South Florida Redeemed by Brunch
A visit to South Florida is not normally cause for culinary jubilation. If my mother didn't live in Broward County I'm sure I'd never find myself down there wondering where the hell do I get a decent meal. I understand that as New York Jews get older they're genetically programmed to head for a warmer climate, but why can't it be some place like New Orleans or Charleston, or how about Singapore, where the question is more likely where can't I get a decent meal? So I was as shocked as anyone to have finally found an actual culinary destination right there in Coral Springs, not far from my mother's home in Tamarac. I first had the Sunday brunch at the Blue Moon Fish Co. last winter, and I made sure my visit this time would include a Sunday stay so I could go back, it was that good. Not only is it good, it's an amazing bargain. All you can eat for $21.95, including a bloody Mary or a mimosa. What really distinguishes this brunch, though, is not the price, or even the quality or the quantity of the food, but the added element of presentation to all of the above.
Blue Moon's brunch is only partially a buffet. There's a salad bar, a raw bar and a bread station, as well as waffles and mussels that you can take yourself, but otherwise you order from a choice of nine entrees and five desserts. You can have as many of them as you want, including seconds, the only rule being that you can only order one item at a time. All the plates are quite nicely presented. The available entrees, which varied only slightly from the year before, included crab and crawfish cakes, blackened mahi mahi, salmon streudel, baby loin lamb chops, chicken breast rolled with Gruyere cheese and wrapped in applewood-smoked bacon, filet mignon meat loaf (I don't quite get the concept), black (Berkshire) pork tenderloin, a seafood risotto and a gumbo. I tried all of those except the last two and had seconds of the crab cake and the lamb chop. It's not as much food as you'd think though. They're really only tasting plates, with a small serving of the entree, the equivalent, perhaps, of half an appetizer, padded with sides, usually starchy, like polenta, fries, plantains or boniato hash. But the quality of the ingredients and the preparation are exceptional.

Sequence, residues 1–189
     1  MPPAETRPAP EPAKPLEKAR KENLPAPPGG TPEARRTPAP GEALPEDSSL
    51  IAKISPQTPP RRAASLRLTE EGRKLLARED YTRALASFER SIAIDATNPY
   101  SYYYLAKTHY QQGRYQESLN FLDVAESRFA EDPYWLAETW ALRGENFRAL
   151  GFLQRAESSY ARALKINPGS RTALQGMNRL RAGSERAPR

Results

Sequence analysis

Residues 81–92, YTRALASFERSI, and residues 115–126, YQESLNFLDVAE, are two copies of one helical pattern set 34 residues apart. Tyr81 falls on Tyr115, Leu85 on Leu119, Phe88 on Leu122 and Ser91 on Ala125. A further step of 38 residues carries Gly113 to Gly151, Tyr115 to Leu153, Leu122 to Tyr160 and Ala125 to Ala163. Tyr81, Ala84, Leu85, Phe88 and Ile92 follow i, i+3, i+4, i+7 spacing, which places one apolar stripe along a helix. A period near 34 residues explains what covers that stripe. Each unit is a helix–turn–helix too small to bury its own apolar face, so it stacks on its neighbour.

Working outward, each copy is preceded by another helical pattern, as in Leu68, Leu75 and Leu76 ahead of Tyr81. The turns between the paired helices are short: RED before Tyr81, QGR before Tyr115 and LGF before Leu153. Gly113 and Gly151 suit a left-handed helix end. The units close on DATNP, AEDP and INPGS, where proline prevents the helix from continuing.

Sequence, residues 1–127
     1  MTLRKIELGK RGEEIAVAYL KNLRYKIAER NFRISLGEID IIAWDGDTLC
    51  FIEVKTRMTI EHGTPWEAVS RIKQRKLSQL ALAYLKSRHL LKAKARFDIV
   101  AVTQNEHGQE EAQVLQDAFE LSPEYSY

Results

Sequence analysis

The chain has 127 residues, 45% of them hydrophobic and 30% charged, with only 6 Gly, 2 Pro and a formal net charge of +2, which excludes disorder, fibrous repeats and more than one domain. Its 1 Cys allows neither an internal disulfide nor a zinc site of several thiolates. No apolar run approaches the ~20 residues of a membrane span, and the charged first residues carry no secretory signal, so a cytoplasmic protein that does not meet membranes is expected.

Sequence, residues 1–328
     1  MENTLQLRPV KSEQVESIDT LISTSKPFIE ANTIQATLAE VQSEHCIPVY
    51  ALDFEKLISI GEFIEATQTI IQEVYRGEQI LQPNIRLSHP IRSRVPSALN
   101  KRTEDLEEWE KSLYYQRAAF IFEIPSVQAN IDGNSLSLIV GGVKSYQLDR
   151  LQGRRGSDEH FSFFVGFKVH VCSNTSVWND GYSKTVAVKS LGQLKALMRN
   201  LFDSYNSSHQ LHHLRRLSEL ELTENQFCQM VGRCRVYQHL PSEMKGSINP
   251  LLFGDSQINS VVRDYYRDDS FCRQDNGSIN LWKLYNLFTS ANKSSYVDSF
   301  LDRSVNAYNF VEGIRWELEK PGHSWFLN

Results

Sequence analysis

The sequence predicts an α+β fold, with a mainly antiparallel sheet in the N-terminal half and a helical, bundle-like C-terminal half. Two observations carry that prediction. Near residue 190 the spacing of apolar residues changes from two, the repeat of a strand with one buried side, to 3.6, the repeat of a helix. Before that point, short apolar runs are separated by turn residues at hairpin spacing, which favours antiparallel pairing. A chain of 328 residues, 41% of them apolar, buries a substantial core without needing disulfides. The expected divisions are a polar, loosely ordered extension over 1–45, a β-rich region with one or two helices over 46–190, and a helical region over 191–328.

I think for the diner as well as the restaurant this is a winning approach to an all-you-can-eat brunch. Sure it's more labor intensive than a buffet, but I think it discourages excess and waste. I've never been thrilled with food that's been sitting around on steam tables anyway, and food kept hot with sterno always picks up a bit of a sterno complex. At a buffet one is tempted to fill up a plate, to minimize trips back and forth. Invariably most people will bite off more than they can chew. Who hasn't taken a large helping of something that looked good only to leave most of it because it disappointed? I find it hard to go to a buffet and not overeat to the point of discomfort. Even when the food isn't great the buffet center of the brain shuts off the time to stop eating switch in the brain.
The Blue Moon approach is much more civilized and leisurely. In fact, my mother and I spent close to three hours at our last brunch there. By having to order your food one small item at a time you can't help but pace yourself. I did, of course, play the brunch strategically. I had one small waffle, because I'm a waffle lover, but I avoided all the bread, and only took cursory tastes of all the high-starch sides with the main courses. The desserts were actually a bit larger than they ought to be if you're going to eat multiple ones. I had about half a piece each of the pecan pie and the key lime pie (sort of a cream cheesecake), and all of the egg-custardy creme brulee that I fondly remembered from my previous visit.
The salad bar seemed adequate as an adjunct to the main event. The oysters and clams I tried from the raw bar were rather flavorless, but the boiled shrimps in the shell were quite good. The only one of the main courses that left me cold was the very bready meat loaf; as I said, I don't quite get the concept of filet mignon meat loaf anyway. Everything else was superb, as was the service. As I told my mother, a brunch of this quality would easily cost twice as much in New York.
I hope to return to Blue Moon for brunch, but only as an occasional South Florida visitor, please, because I sure as hell hope I was spared that "turn into an old Jew and move to Florida" gene.
Blue Moon Fish Co.
10317 Royal Palm Boulevard
Coral Springs, Florida 33065